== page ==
This technique saves memory because brush strokes tend to be clumped: artists paint relatively more brush strokes on relatively few surfaces which are mapped to any pixel. In the first embodiment discussed above, the number of data items which must be stored for blending is the number of brush strokes. In the second embodiment which is the preferred embodiment, the number of data items (or the number of clumps) is the number of surfaces.

A further improvement of this scheme utilizes the opacity characteristics of clumps. If a clump is highly opaque, all the clumps after it on the clump list (i.e., clumps having larger z-axis distance values) are hidden and are therefore not needed for blending. Thus, if such a clump is discovered on the list, all clumps after it can be removed, freeing up the memory they use. The opacity of each clump can be checked when it is created and each time a new brush stroke is blended into it.

FIG. 27 is a flow chart illustrating a clump rendering routine which can blend an arbitrary number of overlapping brush strokes according to the present invention. This routine starts at block 470. At block 472, the first stroke segment pixel which is the first pixel of a first stroke segment of a new brush stroke is visited.

At block 474, the present invention determines whether the z-axis distance of a terminating stroke point of the first stroke segment of the new brush stroke affecting the first pixel is within the four times feature size of the z-axis distance of any of the existing clumps in the clump list of the corresponding screen pixel. If it is, then at block 496, the color of the pixel of the new brush stroke is blended into the color of the corresponding pixel of the clump using the stroke overlap routine described in FIG. 26 and the color composition operation described in the Brush Implementation Technique section.

If the z-axis distance of the stroke point is not within the range, then at block 478, the clump rendering routine creates a new clump for the first stroke segment pixel including information such as the z-axis distance, stroke width, sequence number, and pixel color. This new clump is added to the clump list of the screen pixel.

At block 480, the present invention determines whether the new clump formed at block 478 or the clump modified at block 496 is highly opaque. If it is, then at block 482, all the clumps having z-axis distances greater than that of the highly opaque clump are removed from the clump list.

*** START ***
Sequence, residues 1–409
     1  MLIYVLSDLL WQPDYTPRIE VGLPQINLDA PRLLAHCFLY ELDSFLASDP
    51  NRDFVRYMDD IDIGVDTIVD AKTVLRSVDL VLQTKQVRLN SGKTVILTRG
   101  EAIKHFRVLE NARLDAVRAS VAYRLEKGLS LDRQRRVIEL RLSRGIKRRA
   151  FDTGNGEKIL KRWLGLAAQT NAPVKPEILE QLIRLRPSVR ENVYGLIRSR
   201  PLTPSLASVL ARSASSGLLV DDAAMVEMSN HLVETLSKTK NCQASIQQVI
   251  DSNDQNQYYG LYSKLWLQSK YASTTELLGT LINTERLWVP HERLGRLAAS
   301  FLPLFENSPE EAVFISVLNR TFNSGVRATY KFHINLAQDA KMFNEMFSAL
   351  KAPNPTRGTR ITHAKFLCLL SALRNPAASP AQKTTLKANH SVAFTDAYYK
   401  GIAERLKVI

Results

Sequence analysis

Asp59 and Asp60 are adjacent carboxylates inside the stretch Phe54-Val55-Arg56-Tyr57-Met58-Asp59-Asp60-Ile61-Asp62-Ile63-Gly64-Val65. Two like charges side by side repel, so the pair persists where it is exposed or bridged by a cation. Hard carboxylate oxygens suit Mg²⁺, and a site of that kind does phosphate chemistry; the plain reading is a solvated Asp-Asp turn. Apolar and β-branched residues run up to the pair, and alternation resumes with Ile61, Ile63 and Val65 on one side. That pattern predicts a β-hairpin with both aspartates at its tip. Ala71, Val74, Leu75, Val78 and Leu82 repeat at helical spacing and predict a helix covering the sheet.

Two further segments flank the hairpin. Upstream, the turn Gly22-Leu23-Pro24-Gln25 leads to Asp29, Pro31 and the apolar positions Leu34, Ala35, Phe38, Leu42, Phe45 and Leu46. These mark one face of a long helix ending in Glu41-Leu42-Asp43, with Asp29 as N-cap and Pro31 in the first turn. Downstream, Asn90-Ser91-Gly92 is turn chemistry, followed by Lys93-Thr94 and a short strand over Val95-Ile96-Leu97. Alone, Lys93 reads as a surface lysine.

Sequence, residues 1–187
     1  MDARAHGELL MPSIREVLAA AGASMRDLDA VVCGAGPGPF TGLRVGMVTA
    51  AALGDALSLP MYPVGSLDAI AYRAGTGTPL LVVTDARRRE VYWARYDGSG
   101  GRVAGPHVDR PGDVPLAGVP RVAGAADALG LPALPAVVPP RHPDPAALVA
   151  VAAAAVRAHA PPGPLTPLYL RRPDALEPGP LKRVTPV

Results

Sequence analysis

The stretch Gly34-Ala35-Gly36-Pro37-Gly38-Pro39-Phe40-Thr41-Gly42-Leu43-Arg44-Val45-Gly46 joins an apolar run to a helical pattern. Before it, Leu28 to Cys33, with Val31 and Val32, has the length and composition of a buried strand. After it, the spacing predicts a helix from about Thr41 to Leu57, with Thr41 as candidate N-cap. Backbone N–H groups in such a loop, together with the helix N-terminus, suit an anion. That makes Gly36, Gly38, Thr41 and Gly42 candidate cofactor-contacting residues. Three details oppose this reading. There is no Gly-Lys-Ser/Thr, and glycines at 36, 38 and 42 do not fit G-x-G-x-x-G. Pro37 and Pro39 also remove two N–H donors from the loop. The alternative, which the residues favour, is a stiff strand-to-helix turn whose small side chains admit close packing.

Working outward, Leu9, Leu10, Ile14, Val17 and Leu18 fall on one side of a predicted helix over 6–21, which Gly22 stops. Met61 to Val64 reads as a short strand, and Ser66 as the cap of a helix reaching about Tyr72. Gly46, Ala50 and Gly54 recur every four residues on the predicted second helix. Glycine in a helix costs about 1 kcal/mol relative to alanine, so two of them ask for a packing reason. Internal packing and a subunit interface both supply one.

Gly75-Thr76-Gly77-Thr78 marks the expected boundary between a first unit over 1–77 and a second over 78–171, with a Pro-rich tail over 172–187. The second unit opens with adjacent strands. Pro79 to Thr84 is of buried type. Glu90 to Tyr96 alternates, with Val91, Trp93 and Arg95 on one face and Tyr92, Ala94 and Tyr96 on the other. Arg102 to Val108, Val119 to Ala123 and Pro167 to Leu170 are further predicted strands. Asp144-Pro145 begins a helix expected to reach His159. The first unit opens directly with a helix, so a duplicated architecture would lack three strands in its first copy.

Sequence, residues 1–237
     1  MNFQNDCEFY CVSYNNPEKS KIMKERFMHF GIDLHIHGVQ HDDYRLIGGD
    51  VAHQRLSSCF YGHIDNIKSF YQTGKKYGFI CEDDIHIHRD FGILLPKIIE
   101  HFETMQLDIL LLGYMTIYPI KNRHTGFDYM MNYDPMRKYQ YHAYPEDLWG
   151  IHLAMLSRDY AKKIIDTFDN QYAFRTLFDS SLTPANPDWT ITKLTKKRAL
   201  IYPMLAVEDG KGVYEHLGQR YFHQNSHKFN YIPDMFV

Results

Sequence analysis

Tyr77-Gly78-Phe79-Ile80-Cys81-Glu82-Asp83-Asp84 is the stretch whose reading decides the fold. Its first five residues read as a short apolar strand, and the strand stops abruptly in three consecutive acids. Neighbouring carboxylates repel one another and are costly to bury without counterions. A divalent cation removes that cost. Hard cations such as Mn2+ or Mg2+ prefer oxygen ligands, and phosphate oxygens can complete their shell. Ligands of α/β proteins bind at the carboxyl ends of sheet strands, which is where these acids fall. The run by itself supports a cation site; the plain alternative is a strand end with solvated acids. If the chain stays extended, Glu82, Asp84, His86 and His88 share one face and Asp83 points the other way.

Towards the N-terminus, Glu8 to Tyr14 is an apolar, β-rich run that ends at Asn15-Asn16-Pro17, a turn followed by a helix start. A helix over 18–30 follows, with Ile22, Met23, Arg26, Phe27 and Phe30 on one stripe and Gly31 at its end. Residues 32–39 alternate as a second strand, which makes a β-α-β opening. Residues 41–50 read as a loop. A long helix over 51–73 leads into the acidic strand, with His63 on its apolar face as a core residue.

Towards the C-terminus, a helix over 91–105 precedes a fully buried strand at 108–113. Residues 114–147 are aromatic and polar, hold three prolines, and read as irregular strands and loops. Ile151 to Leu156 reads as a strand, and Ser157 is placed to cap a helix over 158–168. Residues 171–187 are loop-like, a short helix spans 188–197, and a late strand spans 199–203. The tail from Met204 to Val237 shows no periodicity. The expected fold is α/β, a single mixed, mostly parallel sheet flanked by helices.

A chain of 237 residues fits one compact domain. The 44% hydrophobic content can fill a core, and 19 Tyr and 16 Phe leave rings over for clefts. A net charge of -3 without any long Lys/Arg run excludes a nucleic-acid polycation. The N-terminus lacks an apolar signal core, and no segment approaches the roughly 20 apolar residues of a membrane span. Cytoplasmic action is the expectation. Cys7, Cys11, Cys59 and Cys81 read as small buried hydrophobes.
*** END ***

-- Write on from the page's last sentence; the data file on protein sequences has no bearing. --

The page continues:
At block 484, the clump rendering routine checks if there are more stroke segment pixels. If there are, then at block 494, the next stroke segment pixel is visited. If there are no more stroke segment pixels then at block 486, the clump list for the first screen pixel which is the first pixel on the screen is visited. At this point, the current screen pixel is set to the first screen pixel.

At block 488, all the clumps in the clump list are blended to create the final composite color for the current screen pixel using the blended color value for depth order and the color composition operation described in the Brush Implementation Technique section. Block 490 determines whether there are more pixels on the screen. If there are, then the clump list for the next screen pixel is visited at block 498. Blocks 488, 490, and 498 are repeated until there are no more screen pixels. The routine ends at block 492. FIG. 28 is one exemplary pseudo code for the clump rendering routine described in FIG. 27.

Exemplary Computer System

FIG. 29 illustrates an exemplary computer system that utilizes the present invention. A workstation 1000 includes a host computer 1002 which may be a commercially available computer such as one offered by Sun or Silicon Graphics and an image processor and memory unit 1008 which is designed to accommodate pixel image data. A system bus 1022 is provided for communicating information. A display device 1010 is a device suitable for displaying graphic images and alphanumeric characters recognizable to a user. The display device 1010 may show various sliders such as size, color, the degree of opacity, and the degree of softness to allow an artist to select the values of these sliders for each brush stroke. An input device such as a keyboard 1012 is provided for communicating information and command selections to the host computer 1002.

A graphics tablet 1016 such as WACOM tablet with a pen 1016 a is coupled to the system bus 1022. The graphics tablet 1016 is pressure sensitive. An artist can use the pen 1016 a and the graphics tablet 1016 to paint objects shown on the display device 1010. As the artist applies 2-D brush strokes on the graphics tablet 1016 using the pen 1016 a, the host computer 1002 records the tracks of the 2-D brush strokes as 2-D stroke points. The host computer 1002 also records the pen pressure at each of the 2-D stroke points.

The computer system may also include a cursor device 1018 that allows a user to dynamically signal the 2-D movement of the visual symbol (pointer) on the display device 1010. A storage device 1020 such as a magnetic disk or optical disk may be coupled to the system bus. The computer system may also include a printer 1014 for outputting data.

While the present invention has been particularly described with reference to the various figures and embodiments, it should be understood that these are for illustration only and should not be taken as limiting the scope of the invention. There may be many other ways to implement the 3-D mapping process, stroke rendering process, leaf strokes, selective focus, brush implementation technique, and stroke overlap technique of the present invention. Many changes and modifications may be made to the invention, by one having ordinary skill in the art, without departing from the spirit and scope of the invention.

Patent Citations
Cited PatentFiling datePublication dateApplicantTitle
US5325473 *Oct 11, 1991Jun 28, 1994The Walt Disney CompanyApparatus and method for projection upon a three-dimensional object